I could get my step count in just walking backwards and forwards :)


Source: about:blank

May already (the month not the robot)

After last night's thunderstorm, today promises to be an unbelievably warm and sunny second May Bank Holiday in England. There's a specialist plant fair being held just down the road so that'll need checking out.

In other news, chairing some licence reviews for the Science Council at the Association for Science Education, the British Society of Soil Science, the Royal Society of Biology, the Institution of Environmental Sciences and the all-embracing Institute of Mathematics and its Applications has kept me busy over recent months. Committee meetings at the Royal Society of Chemistry for the Environmental Chemistry Group and the Water Science Forum filled in a few of the other blank days. I also fitted in a site visit to Swanage - the last time I was rhere was with my mum and dad about 55 years ago. I bet it hasn’t changed much although, these days, I can barely remember places that I went to last week let alone when I was a kid.









Attending a meeting in Exeter gave me the perfect excuse for a long train journey and a first visit to the city centre. The area around the cathedral is very pretty.








There was also a really nice Moroccan restaurant there too...well, in Exeter what else would you eat?


I splurged on a trip to Copenhagen to catch up with two old friends and listen to Kenny Barron play the piano. Always a pleasure - here's a picture of his feet - 2 belong to Kenny and 1 belongs to a friend.



This year I managed to time a very long weekend in the S. Tyrol so I hit the fruit trees at peak blossom.

Just wonderful.

Some of my favourite music on a Monday evening

It's probably some of my favourite music anytime really but what's a headline between friends. Here's what I listened to this evening...

The East German government of the time got waaaaay more than it bargained for when Bruce was invited to perform:

He played to a gazillion people in East Berlin the year before The Wall came down. Just look at the pride in his body language singing Dylan's Chimes of Freedom...and it may be just my romantic sense of nostalgia but there seems to be a real sense of urgency coming through from the crowd.

Needless to say he gets an ovation :) And this performance helped inspire young people to make a change. And that was remarkable then, and it will for ever be so.

Next up is Lindisfarne. I saw them live once in the mid-70s. Wonderful gig...I remember us singing along and dancing together to songs like this:


'I've made some mistakes,

Had my share of the breaks'


Indeed I have...


Then there's Elton & Bernie's Sacrifice. Turns out he recorded this in Denmark where, coincidentally, I shall be at the end of this week.

Here he is doing it solo...well, ok, it's a smart piano but I still think it's brilliant.


Speaking of Denmark, I still get the shivers hearing Procol Harum's Gary Brooker's voice in these opening lines, sung with such feeling:

Only in Denmark would you have a full orchestra and a breathtaking open air venue in which to enjoy a song like this... but we'll have to make do with YouTube.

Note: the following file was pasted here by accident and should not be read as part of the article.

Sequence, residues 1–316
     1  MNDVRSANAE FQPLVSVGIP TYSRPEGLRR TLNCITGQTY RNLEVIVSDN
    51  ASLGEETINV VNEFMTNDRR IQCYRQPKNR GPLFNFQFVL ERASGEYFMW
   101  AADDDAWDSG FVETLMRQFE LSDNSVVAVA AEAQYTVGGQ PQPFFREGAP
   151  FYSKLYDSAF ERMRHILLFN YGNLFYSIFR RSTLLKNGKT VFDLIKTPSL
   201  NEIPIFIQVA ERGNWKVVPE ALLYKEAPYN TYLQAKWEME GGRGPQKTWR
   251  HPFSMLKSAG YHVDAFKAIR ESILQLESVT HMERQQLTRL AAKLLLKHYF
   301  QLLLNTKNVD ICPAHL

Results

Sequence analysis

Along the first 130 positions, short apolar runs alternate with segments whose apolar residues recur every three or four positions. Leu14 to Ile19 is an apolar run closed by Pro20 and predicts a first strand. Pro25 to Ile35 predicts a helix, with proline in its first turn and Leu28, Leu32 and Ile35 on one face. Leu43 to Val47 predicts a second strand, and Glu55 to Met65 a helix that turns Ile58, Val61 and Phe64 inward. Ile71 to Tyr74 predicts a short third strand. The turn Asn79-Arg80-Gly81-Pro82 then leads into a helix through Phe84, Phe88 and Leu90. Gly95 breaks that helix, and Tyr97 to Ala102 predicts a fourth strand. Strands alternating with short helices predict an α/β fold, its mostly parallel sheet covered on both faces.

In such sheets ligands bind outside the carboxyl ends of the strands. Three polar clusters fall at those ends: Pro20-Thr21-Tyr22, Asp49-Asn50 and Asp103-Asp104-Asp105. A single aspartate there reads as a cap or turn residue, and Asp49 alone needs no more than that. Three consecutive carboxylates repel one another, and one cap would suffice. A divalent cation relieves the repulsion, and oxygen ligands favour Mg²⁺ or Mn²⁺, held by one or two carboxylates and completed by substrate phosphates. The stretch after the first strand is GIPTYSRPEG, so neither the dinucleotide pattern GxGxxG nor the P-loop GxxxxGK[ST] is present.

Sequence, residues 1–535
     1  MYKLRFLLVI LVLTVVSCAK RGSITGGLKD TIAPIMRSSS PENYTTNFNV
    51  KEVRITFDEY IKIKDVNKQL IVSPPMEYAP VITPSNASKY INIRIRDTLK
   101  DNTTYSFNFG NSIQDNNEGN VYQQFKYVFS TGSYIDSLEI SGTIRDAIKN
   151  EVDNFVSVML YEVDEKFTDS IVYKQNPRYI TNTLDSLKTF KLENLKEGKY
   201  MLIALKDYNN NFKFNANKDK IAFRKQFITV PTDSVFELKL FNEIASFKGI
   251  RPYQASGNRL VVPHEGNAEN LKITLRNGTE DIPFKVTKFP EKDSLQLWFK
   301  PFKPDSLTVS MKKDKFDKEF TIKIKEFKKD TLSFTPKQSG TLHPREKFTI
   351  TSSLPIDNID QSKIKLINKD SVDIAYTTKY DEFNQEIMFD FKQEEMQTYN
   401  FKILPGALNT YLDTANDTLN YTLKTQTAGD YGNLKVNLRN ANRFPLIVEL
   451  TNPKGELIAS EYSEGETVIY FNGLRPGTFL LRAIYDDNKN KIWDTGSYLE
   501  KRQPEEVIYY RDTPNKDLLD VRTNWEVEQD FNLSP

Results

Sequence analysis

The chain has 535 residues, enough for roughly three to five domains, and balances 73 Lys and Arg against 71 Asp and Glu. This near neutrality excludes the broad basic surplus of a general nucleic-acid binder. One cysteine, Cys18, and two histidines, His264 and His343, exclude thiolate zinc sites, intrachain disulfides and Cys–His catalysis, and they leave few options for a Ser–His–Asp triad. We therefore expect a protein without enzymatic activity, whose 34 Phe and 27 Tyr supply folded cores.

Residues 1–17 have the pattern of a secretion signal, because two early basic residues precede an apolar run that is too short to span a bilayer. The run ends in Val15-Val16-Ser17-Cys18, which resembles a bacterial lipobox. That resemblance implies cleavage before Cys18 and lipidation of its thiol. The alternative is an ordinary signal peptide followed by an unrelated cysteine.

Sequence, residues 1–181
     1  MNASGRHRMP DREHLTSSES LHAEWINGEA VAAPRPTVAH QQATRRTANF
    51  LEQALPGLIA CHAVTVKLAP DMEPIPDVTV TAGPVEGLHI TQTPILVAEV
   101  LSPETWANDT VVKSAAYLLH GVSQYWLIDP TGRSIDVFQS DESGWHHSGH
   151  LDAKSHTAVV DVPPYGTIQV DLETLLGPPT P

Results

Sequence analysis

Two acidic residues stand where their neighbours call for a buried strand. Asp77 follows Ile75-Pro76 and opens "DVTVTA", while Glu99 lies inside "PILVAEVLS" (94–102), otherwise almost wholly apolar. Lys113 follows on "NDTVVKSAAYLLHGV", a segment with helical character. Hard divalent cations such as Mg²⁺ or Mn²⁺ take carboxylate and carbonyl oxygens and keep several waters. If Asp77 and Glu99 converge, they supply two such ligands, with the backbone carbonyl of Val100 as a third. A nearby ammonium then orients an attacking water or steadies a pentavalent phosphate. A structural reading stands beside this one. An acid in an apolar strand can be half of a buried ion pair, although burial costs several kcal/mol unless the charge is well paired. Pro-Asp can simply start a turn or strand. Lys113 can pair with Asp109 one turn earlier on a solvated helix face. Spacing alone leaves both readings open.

Cat Stevens made the best love song ever:


A lovely feel-good song that's always guaranteed to make me smile from Kenny Loggins & Jim Messina:


'Count all the bees in the hive,

Chase all the clouds from the sky'


The best outro ever is this masterpiece from Mark Knopfler:

It takes you from quiet soulful melancholy, through aching anticipation, to total ecstasy in less than 5 minutes. Quite an achievement.

Alan Clark's piano stirs the soul in the finale but look at the way drummer Terry Williams deals with that monster kit from 6:46 in to the end. Just heroic. You can see him say, just before the final note, "Effin' good one'. Couldn't agree more.

And just in case you were in any doubt, here's another version:


Finland and I

I can still remember the first visit I made to Finland, with a work colleague, over 25 years ago. That was before the Finns joined the EU and I would get my passport stamped at immigration when we arrived in Helsinki.

We left Manchester in the afternoon light and arrived in the cold, dark Helsinki night. I had no idea what to expect. Within 2 hours of landing I had learned that there were big, comfortable Mercedes and Volvo taxis with the latest satnavs and one truly excellent hotel that I've subsequently returned to many times.

I know now that they do have other excellent hotels too :)

I've made some very good friends in Finland over the years and I’ve been well schooled in the country's complex and convoluted history.

In the depths of winter even the Finns struggle when there's no snow to reflect the light and brighten the place up a little. The few days that I was there at the end of last year were so grey and so bleak, it was such a welcome relief when it began to snow.

Back in Helsinki after 2 days in Hämenlinna it snowed some more, and I wandered around the city doing touristy stuff like I was Bill Bryson.

It'll be nice to be back there when the days are longer.

Some pictures...

Smoked garlic...


A nice sunset... 


A bendy building... 



A cool reflection... 


Another one... 


Swanage - which, coincidentally, is where I'm off to on Monday...


Dunham Massey Christmas Lights

A belated post, but it was a foggy evening’s drive up to Altrincham where, I think for the first time, the amazing National Trust property that is Dunham Massey had been transformed into a sound and light show spectacular. It took over an hour to walk around the gardens that I'm more familiar with in summertime. For Christmas, they had been transformed onto a magical, fairy-lit world.

It was cold, but not windy or raining, and the mist swirled around the displays and the illuminated trees and bushes.